What They Say:
“Ani Nekko” and “Kamuy Hopunire”
Content: (please note that content portions of a review may contain spoilers)
After it’s more action oriented mini-arc, Golden Kamuy devotes these two episodes to exploring two very different characters: Tanigaki and Ogata. Episode 18 shows how Tanigaki originally joined the 7th in order to hunt down his brother-in-law, who had killed Tanigaki’s sister, only to find out that the man had done it with her consent in order to spare Tanigaki’s family the stigma of being related to someone who died of smallpox. In contrast, episode 19 focuses on Ogata’s past with his parents and the blood-soaked path he took to find out if his father ever really cared, a path that ended with his father (the former commander of the 7th), mother, and half-brother dead by Ogata’s own hand.
Tanigaki’s past does a lot to flesh out who he is as a person, as well as why his time with Nihei was so important. It’s a tragic story, as Tanigaki not only gives up his life among the Matagi to join the military but is also denied his revenge in the end. It’s a cruel irony that he was not only saved by the man he hated but also learned that his friend had made himself an exile to spare Tanigaki’s family. In the end, it’s food that brings them together, Tanigaki’s mochi to be specific. Blinded and dying on the battlefield, Tanigaki’s friend only recognizes that he’s telling the story to Tanigaki himself when Tanigaki gives him a bite of his uniquely flavored mochi. Golden Kamuy has always used food as a way to connect people, and this is perhaps the most poignant example of that yet. A simple bite of mochi gives Tanigaki closure and allows his friend to die in peace. It’s implied that Tanigaki latched onto the 7th as his only home afterward since he had left his people and lost his goal. It’s only after he spends time with Nihei that he’s able to find some connection with someone outside the 7th. Tanigaki’s always been one of Golden Kamuy’s most interesting characters, and this only cements his place in the cast.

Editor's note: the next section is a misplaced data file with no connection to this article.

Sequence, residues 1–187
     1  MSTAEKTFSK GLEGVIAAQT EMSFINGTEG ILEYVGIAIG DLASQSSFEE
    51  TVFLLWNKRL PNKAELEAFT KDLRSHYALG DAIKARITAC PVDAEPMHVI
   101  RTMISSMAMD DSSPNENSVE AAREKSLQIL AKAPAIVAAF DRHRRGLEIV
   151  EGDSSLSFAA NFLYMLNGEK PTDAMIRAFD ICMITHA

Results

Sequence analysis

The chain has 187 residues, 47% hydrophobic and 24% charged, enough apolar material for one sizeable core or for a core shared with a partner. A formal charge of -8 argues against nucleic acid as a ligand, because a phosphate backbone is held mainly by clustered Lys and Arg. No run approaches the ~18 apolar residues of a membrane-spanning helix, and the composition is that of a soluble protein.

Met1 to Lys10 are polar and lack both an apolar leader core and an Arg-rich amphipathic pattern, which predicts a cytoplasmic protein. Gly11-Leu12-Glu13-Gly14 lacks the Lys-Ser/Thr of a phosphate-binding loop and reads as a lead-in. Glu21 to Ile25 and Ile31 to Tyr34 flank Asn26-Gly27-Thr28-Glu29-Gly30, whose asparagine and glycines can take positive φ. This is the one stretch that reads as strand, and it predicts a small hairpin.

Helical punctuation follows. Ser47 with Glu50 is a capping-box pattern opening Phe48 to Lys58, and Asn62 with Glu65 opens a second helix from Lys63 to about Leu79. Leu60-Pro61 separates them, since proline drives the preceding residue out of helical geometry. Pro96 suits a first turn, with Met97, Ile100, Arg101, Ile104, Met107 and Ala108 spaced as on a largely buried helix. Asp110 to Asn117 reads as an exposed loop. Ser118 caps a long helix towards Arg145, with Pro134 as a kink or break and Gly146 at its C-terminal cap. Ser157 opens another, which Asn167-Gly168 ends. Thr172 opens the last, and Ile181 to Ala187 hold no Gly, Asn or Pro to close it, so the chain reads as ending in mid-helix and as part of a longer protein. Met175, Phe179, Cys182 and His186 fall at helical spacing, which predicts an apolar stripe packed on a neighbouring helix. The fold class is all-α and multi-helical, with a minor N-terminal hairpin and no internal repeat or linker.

On the other hand, Ogata’s past cements him as one of Golden Kamuy’s most damaged characters. The way Ogata calmly talks about how he poisoned his mother to see if it would make his father show up, and later shot his half-brother – who had shown him nothing but kindness–for the same reason is downright disturbing, made even more so when we learn he was telling that story to his father before ultimately killing him. Ogata doesn’t seem to care too much about whether his father loves him–his tone and attitude are too laid back for that–and only seems interested in satisfying his own curiosity. This could be interpreted as the fault of Ogata’s absent father and mentally disturbed mother, but I’m not so sure. The way it’s framed, Ogata seems more like a stone-cold sociopath than anything else. The way it ends with Ogata having stripped away every connection he ever had contrasts wonderfully with how Tanigaki’s ends with him rebuilding connections after losing everything. With both of them having joined up with Sugimoto’s group now, I’m excited to see how their respective histories are going to affect the story going forward.
If Shiraishi’s rescue highlighted Golden Kamuy’s talent for action/comedy, then these two flashbacks highlight its talent for character writing. Both Ogata and Tanigaki have gone from bit players in a larger story to some of the most compelling cast members in an already excellent cast. I was a bit concerned after Golden Kamuy fell into a lot of side stories at the end of the first season, but now it’s back to being a top-tier adventure again. Now that our cast is starting to come together, it’s almost time for Golden Kamuy to reach it’s end game. Wherever it goes from here, I’m definitely hooked now!